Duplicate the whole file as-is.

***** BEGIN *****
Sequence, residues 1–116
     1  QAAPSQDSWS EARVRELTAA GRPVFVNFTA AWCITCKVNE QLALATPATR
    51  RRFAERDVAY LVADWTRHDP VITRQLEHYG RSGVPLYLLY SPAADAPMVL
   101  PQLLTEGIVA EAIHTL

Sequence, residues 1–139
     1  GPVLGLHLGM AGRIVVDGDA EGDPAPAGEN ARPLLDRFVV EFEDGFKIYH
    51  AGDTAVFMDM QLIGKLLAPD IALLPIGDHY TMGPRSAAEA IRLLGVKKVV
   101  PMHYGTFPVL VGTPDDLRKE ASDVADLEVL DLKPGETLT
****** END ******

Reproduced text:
Sequence, residues 1–116
     1  QAAPSQDSWS EARVRELTAA GRPVFVNFTA AWCITCKVNE QLALATPATR
    51  RRFAERDVAY LVADWTRHDP VITRQLEHYG RSGVPLYLLY SPAADAPMVL
   101  PQLLTEGIVA EAIHTL

Sequence, residues 1–139
     1  GPVLGLHLGM AGRIVVDGDA EGDPAPAGEN ARPLLDRFVV EFEDGFKIYH
    51  AGDTAVFMDM QLIGKLLAPD IALLPIGDHY TMGPRSAAEA IRLLGVKKVV
   101  PMHYGTFPVL VGTPDDLRKE ASDVADLEVL DLKPGETLT